• September 6, 2022
As Aucklanders age, will they find work? Photo: supplied
Thirteen per cent of Aucklanders over 65 years old don’t have enough to make ends meet, according to a 2020 quality-of-life survey, but the city’s age-friendly plan does not address employment.
Even though the plan – Tāmaki Makaurau Tauawhi Kaumātua (the Auckland Age-friendly Plan) – says most older Aucklanders are doing OK, it highlights that over the next 10 to 20 years, the proportion of older people facing financial hardship is likely to grow.
The plan follows the World Health Organisation’s eight “domains” for an age-friendly city.
However, a researcher in the Department of Economics at the University of Auckland, Dr Claire Dale, says it lacks a strategy to get older Aucklanders into paid jobs.
The plan’s focus is on volunteer work instead, said the researcher.
She pointed to the employment section, which encourages the creation of opportunities for older people to volunteer at environment groups.
Dr Dale says the plan needs strategies to prepare the city’s industries to employ older workers.
“[I’d like to see more] talking to the Employers and Manufacturers Association, encouraging them to do more to educate their members around the issue,” said Dale.
In May 2019, a survey of 500 companies by the Retirement Commission found that 30 per cent were worried about the ageing of the workface and many had already experienced skill shortages.
Yet 80 per cent didn’t have strategies to recruit or retain workers aged 50 and over.
The northern director of the Grey Power, Mate Marinovich, said older people skills, knowledge the experience.
“But when they pass 50 years of age, it is difficult to get a job.”
Marketing professional Alex Stone struggled to find work as an older Aucklander. Photo: Ana Maykot
Alex Stone, 67, struggled for five years to find a job.
Stone is a journalist, writer, an artist, a marketing professional and has award-winning jobs under his belt.
All this experience, however, wasn’t enough.
He heard from several recruiters that he was “too experienced” for the positions he applied for.
“As a 60-year-old in New Zealand, I couldn't get a jump,” said Stone.
A few months ago, Stone found work as marketing and communication manager at Pacific Trade Invest.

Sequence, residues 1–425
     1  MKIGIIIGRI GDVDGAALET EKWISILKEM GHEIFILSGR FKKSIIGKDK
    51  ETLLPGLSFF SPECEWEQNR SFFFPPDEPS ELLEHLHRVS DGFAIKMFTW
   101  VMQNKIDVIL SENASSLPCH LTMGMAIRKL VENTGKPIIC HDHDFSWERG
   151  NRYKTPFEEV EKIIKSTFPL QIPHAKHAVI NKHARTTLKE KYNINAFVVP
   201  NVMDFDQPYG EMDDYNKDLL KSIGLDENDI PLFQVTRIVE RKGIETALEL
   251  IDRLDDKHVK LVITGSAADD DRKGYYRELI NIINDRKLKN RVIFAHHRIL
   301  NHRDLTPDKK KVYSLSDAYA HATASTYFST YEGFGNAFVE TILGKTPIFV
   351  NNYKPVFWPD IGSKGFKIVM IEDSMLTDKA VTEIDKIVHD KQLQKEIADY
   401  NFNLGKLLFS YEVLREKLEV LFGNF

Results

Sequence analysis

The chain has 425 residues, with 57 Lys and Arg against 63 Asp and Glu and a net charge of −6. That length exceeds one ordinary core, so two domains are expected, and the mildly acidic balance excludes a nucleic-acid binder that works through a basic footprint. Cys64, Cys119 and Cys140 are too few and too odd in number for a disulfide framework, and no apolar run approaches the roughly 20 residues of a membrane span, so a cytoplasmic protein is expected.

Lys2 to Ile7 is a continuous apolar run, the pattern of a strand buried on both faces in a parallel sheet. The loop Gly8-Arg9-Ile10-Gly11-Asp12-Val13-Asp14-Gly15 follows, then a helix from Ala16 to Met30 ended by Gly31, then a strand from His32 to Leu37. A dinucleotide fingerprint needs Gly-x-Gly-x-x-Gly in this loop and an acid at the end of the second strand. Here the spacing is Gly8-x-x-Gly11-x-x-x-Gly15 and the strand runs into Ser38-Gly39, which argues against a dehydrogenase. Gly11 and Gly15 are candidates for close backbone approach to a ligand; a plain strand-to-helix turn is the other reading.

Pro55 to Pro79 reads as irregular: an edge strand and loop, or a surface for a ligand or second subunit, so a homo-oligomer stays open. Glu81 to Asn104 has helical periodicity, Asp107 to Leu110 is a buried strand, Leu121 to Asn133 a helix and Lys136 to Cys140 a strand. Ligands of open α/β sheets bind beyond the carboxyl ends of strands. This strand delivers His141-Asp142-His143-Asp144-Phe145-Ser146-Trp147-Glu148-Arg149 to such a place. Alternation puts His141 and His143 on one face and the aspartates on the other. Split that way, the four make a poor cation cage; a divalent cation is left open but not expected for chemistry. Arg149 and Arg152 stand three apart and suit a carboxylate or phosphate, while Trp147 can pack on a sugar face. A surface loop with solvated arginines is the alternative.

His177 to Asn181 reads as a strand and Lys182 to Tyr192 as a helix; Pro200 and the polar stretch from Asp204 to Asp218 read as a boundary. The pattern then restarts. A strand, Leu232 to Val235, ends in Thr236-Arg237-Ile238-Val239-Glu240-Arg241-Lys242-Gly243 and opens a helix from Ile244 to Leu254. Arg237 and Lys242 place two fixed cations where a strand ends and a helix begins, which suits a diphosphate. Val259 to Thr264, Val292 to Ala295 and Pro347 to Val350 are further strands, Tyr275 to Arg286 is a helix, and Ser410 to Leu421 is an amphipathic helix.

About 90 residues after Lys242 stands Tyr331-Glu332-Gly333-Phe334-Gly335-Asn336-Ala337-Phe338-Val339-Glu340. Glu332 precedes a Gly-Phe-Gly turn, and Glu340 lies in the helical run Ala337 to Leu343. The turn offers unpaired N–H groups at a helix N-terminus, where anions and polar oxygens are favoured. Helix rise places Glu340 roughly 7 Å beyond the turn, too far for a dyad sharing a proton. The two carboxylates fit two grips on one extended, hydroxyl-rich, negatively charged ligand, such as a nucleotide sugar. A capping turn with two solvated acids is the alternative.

He is now one of 23 per cent aged 65 and over in Auckland who is still working, according to the quality-of-life research.
Auckland has a high rate of older people working compared to the United Kingdom, where only 11 per cent of people aged 65 and over are employed.
Principal policy advisor for culture and diversity at Auckland Council, Rebecca Kruse, said the council's age-friendly Auckland Action Plan aimed to improve the quality of life of older people by raising awareness and encouraging organisations to consider older people when planning and delivering.
It would work as a guide for companies and organisations keen to create a space that can comfortably accommodate older people, she said.
The document includes the WHO eight domains for an age-friendly city: outdoor spaces and buildings, transportation, housing, social participation, respect and social inclusion, communication and information, community support and health services, and civic participation and employment.
Auckland’s plan includes two other areas: kaumātua, and culture and diversity.
It also expands the outdoor spaces and buildings domain to become Te Taiao – the natural and built environment, and it incorporates a Māori wellbeing framework.
Kruse said the plan was focusing on the health and socialisation of older people, rather than employment.
"At the moment a lot of the organisations [we’ve worked with in this plan] are more in the community, support and health space.
“That’s probably why you will see greater support in inclusion, social participation and issues such as loneliness and isolation.
“But there is not as much in the employment section,” Kruse said.
The council launched the plan in 2019. It will be revised in 2027 and might include more employment opportunities.
TWN inquired about the cost of the plan, but the council response was the cost of developing the plan was made up of staff time.
Celia Whitley • September 22, 2022